In lieu of an abstract, here is a brief excerpt of the content:

Journal of Democracy 13.3 (2002) 153-165



[Access article in PDF]

Cape Verde:
An African Exception

Peter Meyns

[Figures]

At a time when there is a widespread conviction that various obstacles are preventing African countries from advancing to democratic consolidation and that the main issue is whether democratic regimes will survive at all, 1 the small West African island republic of Cape Verde stands out as a successful case of political reform. In January and February 2001, this Portuguese-speaking country of slightly more than 400,000 people held its third parliamentary and presidential elections since its democratic opening began in 1990. The result was that the African Party for the Independence of Cape Verde (PAICV), which had been ousted from office by the Movement for Democracy (MPD) in 1991, regained a majority in the National Assembly and saw its favored candidate win the presidency. Although the elections were hotly contested and not free of complaints about vote-rigging, respect for the rule of law and democratic competition prevailed.

Few other African countries have experienced a renewed change of government after successful founding elections, Benin and São Tomé and Príncipe being among them. A few others have also recorded notable changes of government through elections in recent years, including Ghana, Senegal, and of course Mauritius, where this has occurred more often than anywhere else in Africa. While countries such as Botswana or South Africa, where a single party enjoys sustained electoral dominance, can still be candidates for democratic consolidation, the experience worldwide has been that extended rule by a single party, even if legitimated by elections, more often than not undermines accountability and transparency.

What makes the comparative success of Cape Verde's democratic [End Page 153] development additionally interesting is that Cape Verde belongs to the group of African countries in which anticolonial liberation movements took over power after independence. Together with the other Portuguese colonies in Africa, Cape Verde achieved independence only after protracted struggle and the eventual overthrow of the corporatist regime in Lisbon in 1974. That Cape Verde's postcolonial history and recent democratic transition have been free of the violent upheavals that have thrown countries like Angola and Mozambique into disarray underlines the need to look at what makes each country unique. In Cape Verde's case this involves its structural and historical features as an island state in the Atlantic, its postcolonial institutional setup, and the nature of the changes that began in 1990-91.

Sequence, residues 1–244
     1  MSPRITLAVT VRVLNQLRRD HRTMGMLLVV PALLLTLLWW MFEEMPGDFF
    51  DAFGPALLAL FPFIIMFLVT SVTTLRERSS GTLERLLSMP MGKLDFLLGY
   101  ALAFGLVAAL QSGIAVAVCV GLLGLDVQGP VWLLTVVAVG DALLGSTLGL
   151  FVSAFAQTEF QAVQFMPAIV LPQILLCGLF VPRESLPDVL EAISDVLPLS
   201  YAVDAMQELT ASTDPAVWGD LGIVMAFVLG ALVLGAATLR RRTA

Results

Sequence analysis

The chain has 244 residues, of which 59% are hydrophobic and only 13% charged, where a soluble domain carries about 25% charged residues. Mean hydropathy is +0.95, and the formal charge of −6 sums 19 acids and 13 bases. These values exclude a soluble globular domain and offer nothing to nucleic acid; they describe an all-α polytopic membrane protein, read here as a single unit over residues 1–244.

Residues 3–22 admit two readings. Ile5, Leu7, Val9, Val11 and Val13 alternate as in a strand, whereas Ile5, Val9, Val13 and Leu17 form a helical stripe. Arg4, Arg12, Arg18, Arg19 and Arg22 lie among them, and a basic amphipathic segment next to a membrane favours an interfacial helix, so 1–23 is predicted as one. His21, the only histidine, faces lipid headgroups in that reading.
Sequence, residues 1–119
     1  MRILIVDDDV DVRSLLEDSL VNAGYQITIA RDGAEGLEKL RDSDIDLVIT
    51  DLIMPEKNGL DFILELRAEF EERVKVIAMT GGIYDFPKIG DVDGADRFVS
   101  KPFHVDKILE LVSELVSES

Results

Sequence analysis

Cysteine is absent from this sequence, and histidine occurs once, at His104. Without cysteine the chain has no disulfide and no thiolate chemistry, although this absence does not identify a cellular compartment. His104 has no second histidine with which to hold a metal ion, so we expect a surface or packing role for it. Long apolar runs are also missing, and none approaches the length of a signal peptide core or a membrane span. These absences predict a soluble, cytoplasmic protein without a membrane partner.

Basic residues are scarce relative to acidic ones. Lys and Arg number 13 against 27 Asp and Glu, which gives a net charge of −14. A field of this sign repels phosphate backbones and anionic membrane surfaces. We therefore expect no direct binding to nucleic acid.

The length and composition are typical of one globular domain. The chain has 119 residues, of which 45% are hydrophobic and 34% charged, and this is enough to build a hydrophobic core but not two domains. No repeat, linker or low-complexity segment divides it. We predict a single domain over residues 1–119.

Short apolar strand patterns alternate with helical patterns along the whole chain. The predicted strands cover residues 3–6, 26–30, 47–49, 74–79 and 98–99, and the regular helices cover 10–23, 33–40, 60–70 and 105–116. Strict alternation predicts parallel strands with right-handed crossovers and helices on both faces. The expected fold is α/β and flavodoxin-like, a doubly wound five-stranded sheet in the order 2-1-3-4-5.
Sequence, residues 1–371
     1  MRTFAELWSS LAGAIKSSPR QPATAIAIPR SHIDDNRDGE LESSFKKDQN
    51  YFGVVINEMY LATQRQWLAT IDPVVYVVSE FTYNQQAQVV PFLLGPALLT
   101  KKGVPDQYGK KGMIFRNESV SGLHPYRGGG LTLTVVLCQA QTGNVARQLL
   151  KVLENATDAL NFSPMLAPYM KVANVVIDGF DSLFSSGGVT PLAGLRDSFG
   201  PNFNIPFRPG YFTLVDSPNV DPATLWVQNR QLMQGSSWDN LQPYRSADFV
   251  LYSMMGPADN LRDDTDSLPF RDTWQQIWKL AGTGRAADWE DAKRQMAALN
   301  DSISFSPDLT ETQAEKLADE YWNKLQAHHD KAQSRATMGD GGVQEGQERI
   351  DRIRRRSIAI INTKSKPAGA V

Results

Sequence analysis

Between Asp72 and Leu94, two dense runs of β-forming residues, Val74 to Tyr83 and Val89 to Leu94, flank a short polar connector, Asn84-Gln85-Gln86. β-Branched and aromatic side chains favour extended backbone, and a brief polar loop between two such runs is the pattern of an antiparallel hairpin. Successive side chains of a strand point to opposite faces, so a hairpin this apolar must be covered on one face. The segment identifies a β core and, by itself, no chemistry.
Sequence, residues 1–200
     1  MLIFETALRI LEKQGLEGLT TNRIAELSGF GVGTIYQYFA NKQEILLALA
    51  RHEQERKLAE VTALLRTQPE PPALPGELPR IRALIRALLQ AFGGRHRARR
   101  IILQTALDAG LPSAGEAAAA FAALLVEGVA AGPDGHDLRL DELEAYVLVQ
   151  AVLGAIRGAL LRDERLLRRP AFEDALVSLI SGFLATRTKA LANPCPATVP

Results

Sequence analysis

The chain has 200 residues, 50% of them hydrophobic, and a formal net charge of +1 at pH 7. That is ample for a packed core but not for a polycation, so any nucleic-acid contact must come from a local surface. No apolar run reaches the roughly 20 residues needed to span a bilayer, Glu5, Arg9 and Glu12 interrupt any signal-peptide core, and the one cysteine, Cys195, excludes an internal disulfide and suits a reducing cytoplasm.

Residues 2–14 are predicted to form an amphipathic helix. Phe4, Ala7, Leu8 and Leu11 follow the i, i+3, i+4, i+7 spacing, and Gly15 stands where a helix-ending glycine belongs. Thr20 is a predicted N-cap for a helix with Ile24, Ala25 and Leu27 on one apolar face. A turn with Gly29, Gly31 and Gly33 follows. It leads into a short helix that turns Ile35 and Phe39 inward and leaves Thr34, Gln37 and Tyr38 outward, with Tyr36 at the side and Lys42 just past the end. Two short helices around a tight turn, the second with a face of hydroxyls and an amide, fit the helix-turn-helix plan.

One Party in Two Countries

When Cape Verde achieved independence in 1975, it shared a unique feature with Guinea-Bissau, another former Portuguese colony located on the West African coast, whose independence—at first proclaimed unilaterally—had been confirmed by the new rulers in Lisbon in 1974. In both countries, the same liberation movement, the African Party for the Independence of Guinea and Cape Verde (PAIGC), took over power from the colonial administration. From there the two countries took profoundly different paths, however. A coup d'état in Guinea-Bissau in 1980 provoked a formal rupture within the PAIGC and led to the formation of the PAICV by the Cape Verdean wing of the PAIGC.

Portugal had employed Cape Verdeans in its colonial administration, especially in Guinea-Bissau. When the independence movement was launched in Guinea-Bissau, therefore, some Cape Verdeans were involved in the core group. The founding father and outstanding leader of the PAIGC, Amilcar Cabral, was born in Guinea-Bissau of Cape Verdean parents. He was the prime architect of the concept of unity between Guinea-Bissau and Cape Verde. Realizing that it would be difficult to conduct the anticolonial struggle on the islands and that Portugal was likely to try to draw them more closely into its own fold, his idea was to link them to Guinea-Bissau in order to achieve independence in both countries and, at a later stage, unity between them. But his thinking went beyond liberation strategy. For him unity was also a cultural notion emphasizing the African vocation of Cape Verde and its people against all colonial intentions.

In retrospect, Cabral's concept of unity...

pdf

Additional Information

ISSN
1086-3214
Print ISSN
1045-5736
Pages
pp. 153-165
Launched on MUSE
2002-07-01
Open Access
No
Back To Top

This website uses cookies to ensure you get the best experience on our website. Without cookies your experience may not be seamless.